After a bit of faff*, the thermostat is running well. While that doesn’t improve the calibrated gravity beyond the current 0.1%, it does remove the need for interpolated values across temperature, which means that non-linearity of the temperature interpolation is removed. and calibration now takes 5 minutes rather than an hour or two and a beer fridge.
I’ve also added some speculative improvements to the calibration rig. The current rig is a 10mm x 50cm x 50cm acrylic sheet, with bolt holes at each corner, which when combined with a spirit level can be levelled to 0.5º on a flat, hard surface.
It’s now enhanced with a carbon fibre sheet** (3mm) sitting loosely on top to compensate for any slight bowing in the heavy acrylic base. On top of that lies a slilicon sheet** (1mm) to buffer out some of the noise. Finally, I decided that for gravity calibration, I could reduce the dlpf from its flight value of 20Hz to a calibration value of 5Hz which should help filter out the noise from the herd of elephants*** which constantly rampages through my house.
So I took her out to see the net results. The best description of what she did was a double forward roly poly. After another run with diagnostics enabled, it seems the gyro Y axis is fried – it’s returning the rotation rate consistently as 205863755304.136**** degrees per second regardless of her real rotation rate when roly polying.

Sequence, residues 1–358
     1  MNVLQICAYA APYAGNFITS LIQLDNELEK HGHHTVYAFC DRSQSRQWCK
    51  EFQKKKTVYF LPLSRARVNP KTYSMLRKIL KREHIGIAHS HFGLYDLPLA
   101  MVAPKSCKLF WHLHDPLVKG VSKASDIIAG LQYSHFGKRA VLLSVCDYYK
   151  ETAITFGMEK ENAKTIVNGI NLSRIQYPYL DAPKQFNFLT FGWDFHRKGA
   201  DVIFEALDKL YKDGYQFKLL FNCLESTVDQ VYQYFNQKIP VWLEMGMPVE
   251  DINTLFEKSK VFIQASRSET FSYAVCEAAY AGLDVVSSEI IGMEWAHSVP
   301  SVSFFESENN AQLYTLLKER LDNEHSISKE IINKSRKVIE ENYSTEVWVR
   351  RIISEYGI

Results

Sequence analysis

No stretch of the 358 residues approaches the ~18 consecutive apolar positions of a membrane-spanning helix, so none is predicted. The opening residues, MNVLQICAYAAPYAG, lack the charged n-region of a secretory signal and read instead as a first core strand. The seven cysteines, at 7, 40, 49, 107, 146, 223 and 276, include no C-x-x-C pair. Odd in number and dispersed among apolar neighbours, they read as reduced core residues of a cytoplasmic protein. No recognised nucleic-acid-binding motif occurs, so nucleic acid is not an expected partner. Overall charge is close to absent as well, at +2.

Without a decent replacement for Phoebe’s sensor, I now have no choice but to finally decommission Phoebe and bring Chloe into active service.
- SMD resistors that aren’t flat so they don’t attach firmly to the top of the MPU6050, so there thermal ‘resistance’ is higher than needed, and any slight nudge and they come off – luckily I found another one of the same size which was flat and stuck well
- Thermal epoxy glue that didn’t set for up to 48 hours, and even when set, became soft when leads are soldered to the resistor – I found a better one on e-bay used by PC overclockers call Arctic Silver which both sets in 4 hours and is a much better thermal conductor
- I added some adhesive foam to the MPU6050 underside to provide insulation to reduce the rate heat seeps away through the PCB wires (or more correctly, to increase the thermal capacity so that more heat energy is stored, and so for a fixed rate of thermal conductivity, the temperature changes more slowly)
** Both net zero cost as they were in my stockpile of “potentially useful, but currently redundant” stuff bought to solve earlier problems.
*** My 6 year old son and 3 year old daughter
**** 205863755304.136 is a very weird value to get – it’s a 64 bit precision floating point number. The gyro output is a signed 2 byte integer: 0 – 65536 represents ±250° per second rotation rate. Even after conversion to radians per second (n / 65536 * 500 * π / 180 which would produce a floating point number), the maximum value should only be ≈±4.3633.. radians per second. As a result, I do still have a niggle that there is a bug I’ve recently introduced into the code for just the gyro Y axis, but I’ve scoured the source and can’t see any handling that’s specific to just the gyro Y axis.